Types of ‘Retrospection’ you can do at work

There are many types of retrospections you can frequently do at work. Maybe you already do some of these as part of your normal operations and business:

  • Self-Assessments: Individuals reflect on their performance, skills, and organizational contributions.
  • Team retrospection: Team members collectively reflect on their collaborative processes, performance, and dynamics.
  • Project Retrospectives: They are focused on reviewing the outcome and processes of a specific project or task.
  • Customer Feedback Analysis: Organizations often introspect by gathering and analyzing customer feedback, such as surveys or reviews.
  • Skills Gap Analysis: This involves identifying employee skills and competencies gaps.

The framework we suggest in this article will help you do any of these retrospectives more objectively and effectively with proper numbers and easy-to-understand reports.

How to make ‘Retrospection’ part of your company culture?

Do you do any kind of retrospection now in your company?

Does it happen in yearly performance reviews? Or do you believe in more frequent retrospection? 

Do these retrospections happen organization-wide?

Do you have any structured practice that most of your team members follow?

Most organizations don’t have a well-designed system for this. 

The majority of HR leaders (87%) surveyed were contemplating changes to performance reviews in 2020.

If you do not do proper retrospection with your team members and want to establish this practice in your team members’ jobs, then we have a simple framework for you.

What if we told you that you can bring retrospection into your work culture without feeling it like another task in your work life?

Now, you have to approach this ‘Retrospection’ initiative in a major way. One that transforms the way you set goals, plan for these goals and execute them.

You will find out – ‘How setting and managing OKRs can help you conduct effective retrospectives at work’

1. Setting the context and goals

The OKR framework starts by setting clear and compelling Objectives, essentially your organization’s top priorities for a specific period, typically a quarter.

These Objectives act as your North Star, illuminating your organization’s path to success. They provide a high-level, strategic focus that ties everyone together under a common goal.

For example, a software development company might set an Objective like “Improve the user experience of our product.” This Objective serves as a beacon of focus for the entire organization. It’s a statement that says, “This is what matters most right now.”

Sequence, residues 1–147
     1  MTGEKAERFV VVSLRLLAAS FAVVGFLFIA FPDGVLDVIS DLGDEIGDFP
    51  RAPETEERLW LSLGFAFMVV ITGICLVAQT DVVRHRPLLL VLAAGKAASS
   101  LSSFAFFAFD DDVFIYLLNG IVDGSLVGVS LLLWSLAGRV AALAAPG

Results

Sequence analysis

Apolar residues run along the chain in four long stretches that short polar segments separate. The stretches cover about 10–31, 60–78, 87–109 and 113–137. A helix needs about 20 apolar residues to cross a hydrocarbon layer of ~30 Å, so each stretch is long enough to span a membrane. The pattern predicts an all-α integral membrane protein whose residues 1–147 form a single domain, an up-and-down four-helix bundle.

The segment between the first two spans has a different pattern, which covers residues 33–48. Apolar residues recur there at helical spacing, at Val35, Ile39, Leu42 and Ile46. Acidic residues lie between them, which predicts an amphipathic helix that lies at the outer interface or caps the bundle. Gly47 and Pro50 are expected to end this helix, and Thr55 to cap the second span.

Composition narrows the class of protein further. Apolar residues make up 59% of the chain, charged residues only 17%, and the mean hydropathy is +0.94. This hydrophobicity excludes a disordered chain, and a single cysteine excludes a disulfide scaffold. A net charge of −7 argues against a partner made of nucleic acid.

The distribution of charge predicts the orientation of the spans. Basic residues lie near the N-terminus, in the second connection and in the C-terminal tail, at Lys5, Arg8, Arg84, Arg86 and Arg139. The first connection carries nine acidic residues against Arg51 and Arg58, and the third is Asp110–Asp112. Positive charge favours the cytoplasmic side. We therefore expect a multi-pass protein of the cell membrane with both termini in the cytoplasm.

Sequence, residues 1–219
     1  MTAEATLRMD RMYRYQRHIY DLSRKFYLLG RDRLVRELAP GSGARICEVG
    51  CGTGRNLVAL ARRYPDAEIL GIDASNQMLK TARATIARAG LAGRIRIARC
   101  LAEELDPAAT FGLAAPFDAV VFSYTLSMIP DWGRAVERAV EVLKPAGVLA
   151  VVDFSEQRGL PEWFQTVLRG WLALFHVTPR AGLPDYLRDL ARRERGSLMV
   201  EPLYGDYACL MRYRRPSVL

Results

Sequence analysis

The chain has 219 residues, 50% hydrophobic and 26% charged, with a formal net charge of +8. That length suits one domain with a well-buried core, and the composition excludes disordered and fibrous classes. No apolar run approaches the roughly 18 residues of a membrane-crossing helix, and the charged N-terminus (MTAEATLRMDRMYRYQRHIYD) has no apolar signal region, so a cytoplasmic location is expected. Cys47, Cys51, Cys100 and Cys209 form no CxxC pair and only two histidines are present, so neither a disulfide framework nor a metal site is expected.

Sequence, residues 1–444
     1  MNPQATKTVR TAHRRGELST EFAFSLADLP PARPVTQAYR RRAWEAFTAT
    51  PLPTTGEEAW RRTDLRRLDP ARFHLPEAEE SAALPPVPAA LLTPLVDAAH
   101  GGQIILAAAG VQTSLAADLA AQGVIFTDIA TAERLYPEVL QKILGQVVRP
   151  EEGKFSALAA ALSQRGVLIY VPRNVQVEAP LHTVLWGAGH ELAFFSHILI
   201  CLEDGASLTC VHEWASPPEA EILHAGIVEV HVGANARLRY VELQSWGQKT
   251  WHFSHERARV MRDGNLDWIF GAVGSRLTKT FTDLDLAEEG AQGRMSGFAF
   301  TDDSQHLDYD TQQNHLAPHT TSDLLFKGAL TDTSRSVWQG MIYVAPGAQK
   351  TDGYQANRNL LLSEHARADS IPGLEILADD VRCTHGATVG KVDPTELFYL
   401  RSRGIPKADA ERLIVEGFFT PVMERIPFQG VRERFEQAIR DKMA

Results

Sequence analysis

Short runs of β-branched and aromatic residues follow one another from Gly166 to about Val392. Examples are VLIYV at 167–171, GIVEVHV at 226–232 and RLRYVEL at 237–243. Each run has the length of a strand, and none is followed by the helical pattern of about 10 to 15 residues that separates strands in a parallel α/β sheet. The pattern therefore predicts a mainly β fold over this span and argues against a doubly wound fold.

Once you’ve set your Objectives, the magic of OKRs lies in the Key Results. Key Results are the specific, actionable, measurable outcomes that are the stepping stones to their Objective.

To continue with our example, under the Objective of improving user experience, the Key Results could include metrics like “Increase app downloads by 20%,” “Reduce customer support tickets by 15%,” and “Achieve a user satisfaction score of 90%.” These Key Results become the milestones that guide the day-to-day work of team members.

One of the most powerful aspects of the OKR framework is the transparency it fosters. It’s not just the leadership who knows the direction; it’s every team member.

In this context, the retrospection process becomes more meaningful and actionable. This clarity empowers retrospectives at all levels, ensuring they are purposeful, aligned, and effective in driving the organization forward.

2. The evidence (data) for your retrospective

In any effective retrospection, data is key. You need tangible evidence to assess your progress, make informed decisions, and drive meaningful improvements.

What data can okrs give you for your retrospectives

Progress tracking: With a real-time snapshot of your progress toward each Key Result, you can easily gauge whether you’re on track to achieve your goals or if there’s a need for course correction.

Outcome assessment: At the end of the quarter or project, you can objectively measure whether you’ve achieved your Key Results. This provides concrete evidence of what was accomplished and what fell short, making it the perfect starting point for a retrospective.